Photos: Delly Carr/Triathlon Australia

By Kent Gray/ in Port Douglas
Nicole van der Kaay has etched her name into Oceania triathlon lore by capping a perfect summer Down Under in Port Douglas on Saturday, a famous fifth victory providing fresh impetus in the push for Paris.

The Taupo 27-year-old quite literally ran away with the Oceania Standard Distance Championship, a rinse and repeat strategy that has seen her sweep all five major races of the Southern Hemisphere summer.

Van der Kaay’s win in 1:54:10 saw her beat Jaz Hedgeland by 27 seconds with fellow Aussie Charlotte Derbyshire 3rd a further 15 seconds adrift. Cambridge-based Aucklander Ainsley Thorpe, the Kiwi No.2, was 4th in 1:55:25.

Canterbury’s Brea Roderick and Tauranga’s Hannah Knighton made it a three-medal day for the Kiwis in far North Queensland, 2nd and 3rd respectively behind Derbyshire in the U23 race run concurrently with the elite women.

Roderick was 6th overall and Knighton 8th while Sarah McClure produced one of her best races at this level to finish 9th in 1:59:22, and 4th in the U23 race.

But this was van der Kaay’s day. Indeed, it has been her summer with Port Douglas following increasingly impressive romps to victory at Oceania Cups in Wanaka and Taupo, the Oceanian Sprint Championship in Devonport, Tasmania and World Cup New Plymouth.

“Yeah to think a few months ago that I’d get all five, that would have been a dream so I’m really happy with that,” van der Kaay told

“It’s a really good start to the year and I’m just going to keep working on the main goal [while I] keep ticking off the small ones.”

The focus, of course, is nailing a nomination for next summer’s Paris Olympics. That can be guaranteed with a first kiwi podium finish at the Olympic test event in August or via two top eights at the year’s remaining World Triathlon Championship Series (WTCS) races in Montreal, Hamburg, Sunderland and Pontevedra.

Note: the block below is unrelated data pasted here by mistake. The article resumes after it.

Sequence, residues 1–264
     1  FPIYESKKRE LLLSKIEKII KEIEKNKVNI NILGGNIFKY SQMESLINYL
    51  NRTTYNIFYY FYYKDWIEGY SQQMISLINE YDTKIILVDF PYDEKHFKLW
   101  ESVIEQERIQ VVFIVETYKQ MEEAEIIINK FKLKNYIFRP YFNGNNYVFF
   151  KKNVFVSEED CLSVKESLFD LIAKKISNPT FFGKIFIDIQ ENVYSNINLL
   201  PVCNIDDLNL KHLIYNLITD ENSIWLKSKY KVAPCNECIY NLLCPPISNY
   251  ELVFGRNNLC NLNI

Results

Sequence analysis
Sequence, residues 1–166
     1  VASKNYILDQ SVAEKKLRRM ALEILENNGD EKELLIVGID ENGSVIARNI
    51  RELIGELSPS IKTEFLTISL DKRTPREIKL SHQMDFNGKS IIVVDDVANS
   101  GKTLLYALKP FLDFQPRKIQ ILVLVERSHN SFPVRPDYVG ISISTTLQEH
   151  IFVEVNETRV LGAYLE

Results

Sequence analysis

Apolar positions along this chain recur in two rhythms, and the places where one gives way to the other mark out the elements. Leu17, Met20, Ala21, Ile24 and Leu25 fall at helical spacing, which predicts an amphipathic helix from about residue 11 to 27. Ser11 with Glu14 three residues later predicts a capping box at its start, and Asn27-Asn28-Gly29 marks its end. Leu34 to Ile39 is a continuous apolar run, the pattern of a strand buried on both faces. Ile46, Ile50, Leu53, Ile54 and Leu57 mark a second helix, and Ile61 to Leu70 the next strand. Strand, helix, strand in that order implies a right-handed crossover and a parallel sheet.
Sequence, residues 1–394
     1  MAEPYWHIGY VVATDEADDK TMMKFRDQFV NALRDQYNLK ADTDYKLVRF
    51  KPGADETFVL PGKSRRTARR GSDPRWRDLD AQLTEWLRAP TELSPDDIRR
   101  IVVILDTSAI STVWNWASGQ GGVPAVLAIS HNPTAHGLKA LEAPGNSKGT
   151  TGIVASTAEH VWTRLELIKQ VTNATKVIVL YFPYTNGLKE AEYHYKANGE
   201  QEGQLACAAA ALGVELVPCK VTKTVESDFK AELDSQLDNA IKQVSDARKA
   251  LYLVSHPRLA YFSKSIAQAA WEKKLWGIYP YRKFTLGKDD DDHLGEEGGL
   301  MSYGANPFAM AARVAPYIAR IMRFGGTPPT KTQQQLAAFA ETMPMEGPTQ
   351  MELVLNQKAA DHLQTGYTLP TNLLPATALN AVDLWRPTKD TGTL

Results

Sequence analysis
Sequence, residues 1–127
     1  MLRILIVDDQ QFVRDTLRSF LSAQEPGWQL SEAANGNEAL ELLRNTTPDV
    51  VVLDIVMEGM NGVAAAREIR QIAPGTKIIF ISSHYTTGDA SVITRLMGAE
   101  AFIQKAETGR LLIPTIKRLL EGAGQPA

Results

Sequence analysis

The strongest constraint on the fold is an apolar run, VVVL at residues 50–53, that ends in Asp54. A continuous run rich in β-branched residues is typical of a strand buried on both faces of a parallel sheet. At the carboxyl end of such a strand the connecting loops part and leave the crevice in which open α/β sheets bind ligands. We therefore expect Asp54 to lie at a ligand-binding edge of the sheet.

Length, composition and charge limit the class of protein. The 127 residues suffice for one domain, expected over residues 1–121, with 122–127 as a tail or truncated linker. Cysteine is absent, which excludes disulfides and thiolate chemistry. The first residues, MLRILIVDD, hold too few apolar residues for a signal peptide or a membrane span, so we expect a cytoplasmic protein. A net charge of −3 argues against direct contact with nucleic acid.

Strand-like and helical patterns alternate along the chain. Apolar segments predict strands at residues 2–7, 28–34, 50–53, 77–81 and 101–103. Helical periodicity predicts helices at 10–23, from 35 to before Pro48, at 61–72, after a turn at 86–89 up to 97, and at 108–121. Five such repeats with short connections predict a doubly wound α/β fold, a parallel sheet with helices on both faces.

She’s got another Gold Coast training block before Montreal (June 24-25) and knows the trick now is translating her Oceania dominance into consistent success on the world stage.

Her WTCS season bow at Yokohama a fortnight ago didn’t go to plan with a 27th place but all she can do is stick to the process and the strategic points along the way. In that regard, the Oceania summer is a massive confidence boost and ranking points haul.

“That’s the first part ticked off, getting as many points as possible for the first qualification period and it sets me up good for the second half of the year.

“Now I go back to Gold Coast for a couple of weeks and prep for Montreal…and yeah working there with a few Australian triathletes and Dan Atkins squad and then I’ll go for Europe from there.

“Yup, it’s a really good start, I can’t ask for better and I really hope I can keep this up and carry it on.”

Her race Saturday went pretty much to plan apart from a slightly slow start off the beach.

“It was really hard to hear the start so I was actually quite late, I was on the left side [the horn was sounded on the right] so I had to run my way up to the front which… I love a beach start coming from a surf background, so that was great. Jumped on the leader’s feet and just kind of just stayed there the whole way round so I was really happy with that.”

The bike was a procession with van der Kaay left to push the pace in a group of 10 featuring Thorpe, Roderick, McClure and Knighton.

“Yeah, you get that at Oceania races. The depth isn’t as big as European races obviously so, up on the front for most of it, very grateful for the few that did help, but I don’t mind a hard bike course, it’s not easy out there when you do go to the big races so yeah, I don’t mind pushing a few watts.”

As has become her trademark this summer, van der Kaay made her break early on the run. She eventually recorded a 34:06 split for the 10km, not too shabby in the heat and 23 seconds swifter than Hedgeland. Thorpe ran a 35:21.

“I’ve been feeling good running and again, I’m simulating what I’d do in European races so I went out hard, wanted to see what I could do and try and hold that and happy to come away with the victory.”

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